MELBOURNE: England and Pakistan's staff will be poring over weather charts as well as tactics in the lead up to the Twenty20 World Cup final, with a gloomy forecast threatening to scupper the decider at the Melbourne Cricket Ground.
Heavy rain is expected on Sunday's match-day and also the reserve day on Monday as a multi-year La Nina weather phenomenon continues to drench much of eastern Australia.
The tournament has already seen a slew of Super 12 matches washed out, though the semi-finals passed without disruption in Sydney and Adelaide.
While the forecast could put a dampener on the crowd at the MCG, organisers will plough ahead with the starting time of 7 p.m. (0800 GMT) on Sunday and hope each side can squeeze 10 overs in, the minimum required for the final.
If the match starts on Sunday and is unable to be completed, it will resume at 3 p.m. (0400 GMT) on Monday, leaving players with a nervous night's sleep.
If Sunday is completely washed out, the match will start at 3 p.m. on Monday, with the teams on notice to be ready to linger well into the evening if the weather forces it.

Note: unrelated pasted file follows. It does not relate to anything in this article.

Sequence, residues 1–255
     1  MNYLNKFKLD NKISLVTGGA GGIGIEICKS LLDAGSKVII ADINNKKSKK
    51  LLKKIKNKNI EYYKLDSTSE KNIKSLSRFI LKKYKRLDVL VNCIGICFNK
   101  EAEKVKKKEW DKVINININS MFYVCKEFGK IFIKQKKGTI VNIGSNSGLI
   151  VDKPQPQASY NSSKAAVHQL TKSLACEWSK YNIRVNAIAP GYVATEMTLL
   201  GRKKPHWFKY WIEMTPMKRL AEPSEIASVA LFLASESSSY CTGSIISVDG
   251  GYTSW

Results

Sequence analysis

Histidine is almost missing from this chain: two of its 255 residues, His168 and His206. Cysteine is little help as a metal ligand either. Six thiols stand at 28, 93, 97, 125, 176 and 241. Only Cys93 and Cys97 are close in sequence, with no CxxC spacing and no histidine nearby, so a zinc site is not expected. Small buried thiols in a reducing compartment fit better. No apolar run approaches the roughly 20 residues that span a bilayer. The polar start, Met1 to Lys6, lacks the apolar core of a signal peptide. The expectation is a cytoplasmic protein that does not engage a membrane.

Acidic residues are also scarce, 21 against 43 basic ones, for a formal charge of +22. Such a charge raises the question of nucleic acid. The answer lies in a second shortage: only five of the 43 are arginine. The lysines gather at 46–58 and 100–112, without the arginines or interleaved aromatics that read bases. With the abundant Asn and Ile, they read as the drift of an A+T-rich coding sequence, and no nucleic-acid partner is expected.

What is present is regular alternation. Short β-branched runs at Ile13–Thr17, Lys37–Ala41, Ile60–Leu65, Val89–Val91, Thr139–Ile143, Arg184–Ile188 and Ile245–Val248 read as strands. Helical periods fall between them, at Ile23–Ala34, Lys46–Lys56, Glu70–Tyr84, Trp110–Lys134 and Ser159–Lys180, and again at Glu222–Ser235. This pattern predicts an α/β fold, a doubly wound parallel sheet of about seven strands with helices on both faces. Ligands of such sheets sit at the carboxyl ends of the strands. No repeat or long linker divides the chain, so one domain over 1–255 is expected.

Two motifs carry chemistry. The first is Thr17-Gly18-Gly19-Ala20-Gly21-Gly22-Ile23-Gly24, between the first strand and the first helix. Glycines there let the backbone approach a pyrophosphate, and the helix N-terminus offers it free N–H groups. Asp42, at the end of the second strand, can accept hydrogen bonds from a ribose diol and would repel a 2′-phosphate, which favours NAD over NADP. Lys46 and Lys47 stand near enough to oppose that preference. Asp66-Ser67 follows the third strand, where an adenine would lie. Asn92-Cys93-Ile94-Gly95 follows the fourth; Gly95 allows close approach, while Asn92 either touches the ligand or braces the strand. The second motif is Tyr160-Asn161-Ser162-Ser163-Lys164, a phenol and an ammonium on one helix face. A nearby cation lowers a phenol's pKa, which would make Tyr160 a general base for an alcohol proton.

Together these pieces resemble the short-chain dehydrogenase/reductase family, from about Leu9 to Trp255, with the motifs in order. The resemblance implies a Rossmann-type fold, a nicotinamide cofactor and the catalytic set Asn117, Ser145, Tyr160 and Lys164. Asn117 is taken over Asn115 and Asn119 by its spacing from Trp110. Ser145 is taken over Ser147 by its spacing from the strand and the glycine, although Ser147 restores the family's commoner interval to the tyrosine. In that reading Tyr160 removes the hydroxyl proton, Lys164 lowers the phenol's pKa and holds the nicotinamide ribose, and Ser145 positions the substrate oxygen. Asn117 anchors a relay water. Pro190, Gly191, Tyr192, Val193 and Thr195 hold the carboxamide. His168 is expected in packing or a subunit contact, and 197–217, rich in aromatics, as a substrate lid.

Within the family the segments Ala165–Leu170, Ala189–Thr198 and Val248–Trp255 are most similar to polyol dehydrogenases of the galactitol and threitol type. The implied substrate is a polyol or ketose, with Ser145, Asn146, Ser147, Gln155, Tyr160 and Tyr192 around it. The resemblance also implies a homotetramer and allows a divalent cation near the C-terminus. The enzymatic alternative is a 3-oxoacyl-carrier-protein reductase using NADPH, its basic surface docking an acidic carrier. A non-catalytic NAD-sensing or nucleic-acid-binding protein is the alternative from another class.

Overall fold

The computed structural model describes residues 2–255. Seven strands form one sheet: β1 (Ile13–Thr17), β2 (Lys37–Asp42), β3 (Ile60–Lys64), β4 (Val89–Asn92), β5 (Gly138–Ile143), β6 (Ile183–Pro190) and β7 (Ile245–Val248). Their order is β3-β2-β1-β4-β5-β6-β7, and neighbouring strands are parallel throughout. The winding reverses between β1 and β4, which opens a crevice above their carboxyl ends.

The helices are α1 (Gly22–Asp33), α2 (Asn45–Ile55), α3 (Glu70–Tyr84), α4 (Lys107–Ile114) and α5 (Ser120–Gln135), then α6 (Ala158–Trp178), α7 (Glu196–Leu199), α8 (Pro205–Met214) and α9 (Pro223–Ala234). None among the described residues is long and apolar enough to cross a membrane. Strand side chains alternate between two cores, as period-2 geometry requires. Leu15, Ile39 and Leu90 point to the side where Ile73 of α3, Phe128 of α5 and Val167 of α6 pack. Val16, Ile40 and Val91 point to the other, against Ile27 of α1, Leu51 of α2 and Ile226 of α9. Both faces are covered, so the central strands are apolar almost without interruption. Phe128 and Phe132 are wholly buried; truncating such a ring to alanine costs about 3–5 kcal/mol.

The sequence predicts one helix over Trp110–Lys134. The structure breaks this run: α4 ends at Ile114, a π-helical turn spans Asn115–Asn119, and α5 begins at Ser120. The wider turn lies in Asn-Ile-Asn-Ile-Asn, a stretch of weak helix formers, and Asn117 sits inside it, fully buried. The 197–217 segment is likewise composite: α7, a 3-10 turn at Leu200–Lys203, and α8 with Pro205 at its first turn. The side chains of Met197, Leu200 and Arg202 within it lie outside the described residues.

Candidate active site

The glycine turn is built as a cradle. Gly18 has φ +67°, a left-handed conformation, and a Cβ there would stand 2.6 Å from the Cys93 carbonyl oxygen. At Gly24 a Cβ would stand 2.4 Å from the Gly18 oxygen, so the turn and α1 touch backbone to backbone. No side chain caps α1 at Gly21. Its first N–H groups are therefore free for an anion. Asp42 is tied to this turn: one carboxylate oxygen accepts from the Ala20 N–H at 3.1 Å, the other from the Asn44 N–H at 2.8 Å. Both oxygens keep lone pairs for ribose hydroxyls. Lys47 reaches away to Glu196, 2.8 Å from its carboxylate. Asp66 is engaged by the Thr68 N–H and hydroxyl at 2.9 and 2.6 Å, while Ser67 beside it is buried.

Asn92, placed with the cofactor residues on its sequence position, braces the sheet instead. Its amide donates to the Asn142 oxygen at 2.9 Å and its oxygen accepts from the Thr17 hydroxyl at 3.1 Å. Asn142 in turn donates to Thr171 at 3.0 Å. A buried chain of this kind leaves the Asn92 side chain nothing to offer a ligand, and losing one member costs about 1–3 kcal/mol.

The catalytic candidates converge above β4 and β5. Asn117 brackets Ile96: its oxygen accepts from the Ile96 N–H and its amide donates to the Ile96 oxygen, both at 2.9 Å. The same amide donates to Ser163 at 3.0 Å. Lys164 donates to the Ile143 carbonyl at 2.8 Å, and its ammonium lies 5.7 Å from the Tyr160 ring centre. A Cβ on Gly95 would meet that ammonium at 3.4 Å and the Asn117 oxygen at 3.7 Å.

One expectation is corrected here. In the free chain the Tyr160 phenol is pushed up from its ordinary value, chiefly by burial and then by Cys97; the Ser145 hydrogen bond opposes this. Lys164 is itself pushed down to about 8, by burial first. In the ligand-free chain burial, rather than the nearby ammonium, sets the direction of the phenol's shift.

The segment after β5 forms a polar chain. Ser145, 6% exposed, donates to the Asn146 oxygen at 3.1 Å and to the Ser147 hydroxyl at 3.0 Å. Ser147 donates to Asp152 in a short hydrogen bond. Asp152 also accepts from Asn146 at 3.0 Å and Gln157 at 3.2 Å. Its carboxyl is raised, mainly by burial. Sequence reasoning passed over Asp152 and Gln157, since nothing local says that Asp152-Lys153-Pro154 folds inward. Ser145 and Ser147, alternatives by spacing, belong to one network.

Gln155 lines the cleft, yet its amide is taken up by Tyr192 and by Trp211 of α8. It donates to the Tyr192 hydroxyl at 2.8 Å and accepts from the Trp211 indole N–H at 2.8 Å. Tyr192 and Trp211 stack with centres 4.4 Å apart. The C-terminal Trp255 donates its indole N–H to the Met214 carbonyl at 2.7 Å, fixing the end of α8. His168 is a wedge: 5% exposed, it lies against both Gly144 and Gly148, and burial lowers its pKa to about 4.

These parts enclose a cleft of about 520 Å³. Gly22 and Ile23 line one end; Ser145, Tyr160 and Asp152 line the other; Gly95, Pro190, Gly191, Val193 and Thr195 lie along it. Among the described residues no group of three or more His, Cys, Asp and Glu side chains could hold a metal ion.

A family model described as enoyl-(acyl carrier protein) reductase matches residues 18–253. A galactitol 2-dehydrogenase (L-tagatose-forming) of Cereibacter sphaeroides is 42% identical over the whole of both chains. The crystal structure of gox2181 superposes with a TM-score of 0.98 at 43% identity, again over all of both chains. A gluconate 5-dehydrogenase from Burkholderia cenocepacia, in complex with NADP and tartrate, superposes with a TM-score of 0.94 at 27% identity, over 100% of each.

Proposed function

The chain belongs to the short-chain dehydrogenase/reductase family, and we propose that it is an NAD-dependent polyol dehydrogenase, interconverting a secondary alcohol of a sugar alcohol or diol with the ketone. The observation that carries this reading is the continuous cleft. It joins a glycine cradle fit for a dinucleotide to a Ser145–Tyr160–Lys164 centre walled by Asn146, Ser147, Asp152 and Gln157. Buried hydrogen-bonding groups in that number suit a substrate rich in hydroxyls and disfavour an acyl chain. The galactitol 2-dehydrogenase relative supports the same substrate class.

In the worst-case scenario where Monday is also washed out, then the World Cup will have joint winners for the first time.
However, Melbourne is known for having "four seasons in one day", particularly in spring, and forecasts are often wide of the mark.
Pakistan played a full game against India in their Super 12 blockbuster at the MCG despite a dire outlook for rain.
Rain was expected on Friday, too, but Pakistan trained under leaden skies at the MCG without ever running for cover.
Pakistan team mentor Matthew Hayden, who accurately predicted struggling captain Babar Azam would return to form with the bat in the semi-final against New Zealand, was banking on the weather to cooperate.
"Today there was a great chance of rain and here we are," Hayden told reporters at the MCG.
"The wicket looks excellent ... Who knows the weather here in Melbourne?
"On the day, I'm sure that Melbourne is going to open up enough to have a 10-over match."